December 27, 2018

Favorite Stories from 2018


Favorite Stories from 2018
Foreign Minister Sergei Lavrov (see August 2 story noted below) Russian Foreign Ministry

 

Wow! Looking back at our favorite stories from 2018 reminded us just how much happened in Russia this year, both big and small. Thank you to our readers for sticking with us, and we look forward to sharing the journey of 2019 with you. Here is a look back at some of our (and your) favorite stories from 2018:

February 15

One Russian grandmother isn't waiting for the cows to come home: she's skating across the deepest lake in the world to get them herself. Lyubov Morekhodova, a 76-year-old woman who lives next to Lake Baikal, skates up to six miles to check on her cows when they've strayed too far from her home. Very poetically, her first name means "Love" and her last name literally means "the one who walks on the sea." Even Gogol couldn't have given her a more appropriate name. [original post]

March 1

The adults are trying to appeal to the youths, and, as usually happens in such cases, the result is amusing. A local Russian media company just dropped a new music video, "Oi, come to the ELECTIONS!" The video features singing and dancing pensioners, rapping youth, and uncomfortable-looking cadets, all for the purpose of encouraging young people to vote in the Russian presidential elections, which will take place on March 18. These videos are nonpartisan, but they aren't immune from controversy: one widely-shared advertisement portrays a post-election world in which middle-aged men are asked to enlist, children beg parents for millions of rubles, and families must adopt gay people when their partners dump them. Will it be better at encouraging the youth to vote than it has been at riling them up? Unclear. [original post]

July 5

All hail Saint Akinfeyev and his holy foot! On Sunday, Russia narrowly beat out the football heavyweight Spain during a penalty shootout, launching them to the World Cup's Round of Eight. Who do Russians have to thank for this surprising victory? Goalie and captain Igor Akinfeyev, who blocked a Spanish shot with the tip of his cleated foot. As Russians partied like they'd never partied before (and that's saying something), Akinfeyev took on a special status in Russian society. Amid the celebration there were many who came to terms with the last-ditch promises they had made on the condition of Russia beating Spain, and Twitter is littered with evidence of them running through the streets nude, getting tattoos, and even searching for spouses. Thankfully this is all a once-in-a-lifetime occurrence, unless, of course, Russia beats Croatia on Saturday. [original post]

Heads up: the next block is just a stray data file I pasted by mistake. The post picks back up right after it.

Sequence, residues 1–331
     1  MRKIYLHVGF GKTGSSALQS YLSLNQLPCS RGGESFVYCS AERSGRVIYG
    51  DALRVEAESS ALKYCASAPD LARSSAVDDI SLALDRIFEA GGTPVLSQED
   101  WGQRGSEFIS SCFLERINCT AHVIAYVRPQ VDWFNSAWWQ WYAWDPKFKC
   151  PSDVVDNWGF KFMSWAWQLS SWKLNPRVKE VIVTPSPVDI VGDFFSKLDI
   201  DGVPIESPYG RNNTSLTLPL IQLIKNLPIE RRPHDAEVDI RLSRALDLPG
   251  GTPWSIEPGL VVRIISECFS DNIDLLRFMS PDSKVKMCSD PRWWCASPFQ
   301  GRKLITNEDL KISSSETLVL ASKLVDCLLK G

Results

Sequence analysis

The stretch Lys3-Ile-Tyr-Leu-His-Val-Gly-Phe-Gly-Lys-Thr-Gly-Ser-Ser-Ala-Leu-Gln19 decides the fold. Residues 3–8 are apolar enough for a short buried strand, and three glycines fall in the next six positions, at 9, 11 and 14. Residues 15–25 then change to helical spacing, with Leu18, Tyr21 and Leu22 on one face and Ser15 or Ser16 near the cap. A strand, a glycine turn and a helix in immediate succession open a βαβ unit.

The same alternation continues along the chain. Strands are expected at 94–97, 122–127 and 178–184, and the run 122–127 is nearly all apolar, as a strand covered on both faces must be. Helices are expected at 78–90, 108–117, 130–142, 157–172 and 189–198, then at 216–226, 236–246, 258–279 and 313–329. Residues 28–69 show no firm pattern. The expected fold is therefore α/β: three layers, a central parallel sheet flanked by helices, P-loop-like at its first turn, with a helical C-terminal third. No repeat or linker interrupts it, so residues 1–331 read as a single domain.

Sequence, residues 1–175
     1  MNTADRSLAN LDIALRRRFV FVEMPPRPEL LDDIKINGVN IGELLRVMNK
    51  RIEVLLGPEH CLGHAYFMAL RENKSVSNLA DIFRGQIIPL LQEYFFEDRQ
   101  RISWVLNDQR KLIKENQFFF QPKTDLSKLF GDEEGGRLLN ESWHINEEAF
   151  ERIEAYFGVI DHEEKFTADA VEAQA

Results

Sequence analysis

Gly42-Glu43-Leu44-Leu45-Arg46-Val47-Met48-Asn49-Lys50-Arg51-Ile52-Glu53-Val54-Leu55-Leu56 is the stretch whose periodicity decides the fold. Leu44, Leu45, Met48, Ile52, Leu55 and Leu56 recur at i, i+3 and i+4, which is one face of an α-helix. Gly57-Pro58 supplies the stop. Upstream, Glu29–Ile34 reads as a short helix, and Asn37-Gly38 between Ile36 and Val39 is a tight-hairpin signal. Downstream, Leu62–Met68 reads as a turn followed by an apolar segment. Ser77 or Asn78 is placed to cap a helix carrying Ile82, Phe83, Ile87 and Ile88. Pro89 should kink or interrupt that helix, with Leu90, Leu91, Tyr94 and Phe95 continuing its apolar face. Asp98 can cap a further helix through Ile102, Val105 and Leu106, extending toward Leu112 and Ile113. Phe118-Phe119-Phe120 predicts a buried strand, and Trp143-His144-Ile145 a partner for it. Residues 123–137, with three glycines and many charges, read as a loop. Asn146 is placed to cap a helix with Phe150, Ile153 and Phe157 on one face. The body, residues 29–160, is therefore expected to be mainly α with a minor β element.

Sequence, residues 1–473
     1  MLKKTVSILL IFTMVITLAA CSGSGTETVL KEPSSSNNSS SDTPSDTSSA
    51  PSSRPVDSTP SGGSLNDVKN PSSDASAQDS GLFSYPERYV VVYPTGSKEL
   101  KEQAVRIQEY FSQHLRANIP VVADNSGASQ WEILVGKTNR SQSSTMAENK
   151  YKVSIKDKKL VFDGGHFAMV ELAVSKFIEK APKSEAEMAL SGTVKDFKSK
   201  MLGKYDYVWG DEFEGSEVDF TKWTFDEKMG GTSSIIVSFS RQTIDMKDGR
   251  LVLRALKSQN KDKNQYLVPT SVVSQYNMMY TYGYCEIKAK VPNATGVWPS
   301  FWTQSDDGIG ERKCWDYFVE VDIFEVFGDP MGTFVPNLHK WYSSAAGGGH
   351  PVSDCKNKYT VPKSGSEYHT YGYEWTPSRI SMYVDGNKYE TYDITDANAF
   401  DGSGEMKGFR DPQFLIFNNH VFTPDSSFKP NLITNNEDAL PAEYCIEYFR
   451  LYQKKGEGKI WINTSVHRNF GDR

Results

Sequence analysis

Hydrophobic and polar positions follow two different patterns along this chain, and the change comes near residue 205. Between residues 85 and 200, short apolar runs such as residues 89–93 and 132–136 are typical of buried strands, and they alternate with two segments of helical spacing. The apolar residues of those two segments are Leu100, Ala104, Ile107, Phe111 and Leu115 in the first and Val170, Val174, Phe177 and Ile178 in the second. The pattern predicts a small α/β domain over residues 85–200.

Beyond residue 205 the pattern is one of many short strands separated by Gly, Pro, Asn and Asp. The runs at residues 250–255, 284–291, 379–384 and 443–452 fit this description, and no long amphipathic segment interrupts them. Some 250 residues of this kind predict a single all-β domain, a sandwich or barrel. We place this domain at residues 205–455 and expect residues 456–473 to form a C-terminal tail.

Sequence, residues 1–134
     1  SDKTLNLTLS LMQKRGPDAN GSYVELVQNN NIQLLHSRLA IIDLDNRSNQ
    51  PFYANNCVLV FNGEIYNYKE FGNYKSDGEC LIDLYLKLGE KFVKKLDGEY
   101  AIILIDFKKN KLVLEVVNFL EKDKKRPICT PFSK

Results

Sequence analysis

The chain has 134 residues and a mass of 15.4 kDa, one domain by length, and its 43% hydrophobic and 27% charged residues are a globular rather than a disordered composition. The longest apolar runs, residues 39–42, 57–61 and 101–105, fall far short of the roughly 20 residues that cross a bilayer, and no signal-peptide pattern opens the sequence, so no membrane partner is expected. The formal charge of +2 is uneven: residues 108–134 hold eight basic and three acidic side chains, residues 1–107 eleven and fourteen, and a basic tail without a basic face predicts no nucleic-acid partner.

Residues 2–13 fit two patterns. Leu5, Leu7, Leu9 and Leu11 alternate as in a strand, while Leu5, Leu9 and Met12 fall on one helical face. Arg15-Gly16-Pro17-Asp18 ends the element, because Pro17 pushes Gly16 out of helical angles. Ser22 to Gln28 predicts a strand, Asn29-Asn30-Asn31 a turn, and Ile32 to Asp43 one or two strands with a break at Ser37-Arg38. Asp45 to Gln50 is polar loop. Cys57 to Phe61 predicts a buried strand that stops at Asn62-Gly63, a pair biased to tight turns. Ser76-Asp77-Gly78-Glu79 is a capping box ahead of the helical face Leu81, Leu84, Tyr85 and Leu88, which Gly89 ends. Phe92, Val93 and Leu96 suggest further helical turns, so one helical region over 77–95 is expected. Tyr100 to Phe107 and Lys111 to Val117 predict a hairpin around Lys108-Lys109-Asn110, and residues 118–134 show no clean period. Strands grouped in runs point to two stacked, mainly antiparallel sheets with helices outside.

Akinfeyev's Shoe
Akinfeyeva's Foot | innubis

August 2

With all this tension in the air, the Russian Foreign Ministry is trying a new tack. This week, it posted on its social media pages a photo of Sergey Lavrov (the Foreign Minister of Russia) holding a Russian flag. While the photo may be fairly innocuous, the caption is decidedly not Russian diplomacy as usual. The caption claimed that the photo has healing powers, advises that it be applied to the world's sore spots, and warns that it may cause exorcisms. Although the photo quickly received sneering comments, perhaps this new strategy may break through current roadblocks of foreign diplomacy. After all, laughter is the best medicine. [original post]

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Chekhov Bilingual

Chekhov Bilingual

Some of Chekhov's most beloved stories, with English and accented Russian on facing pages throughout.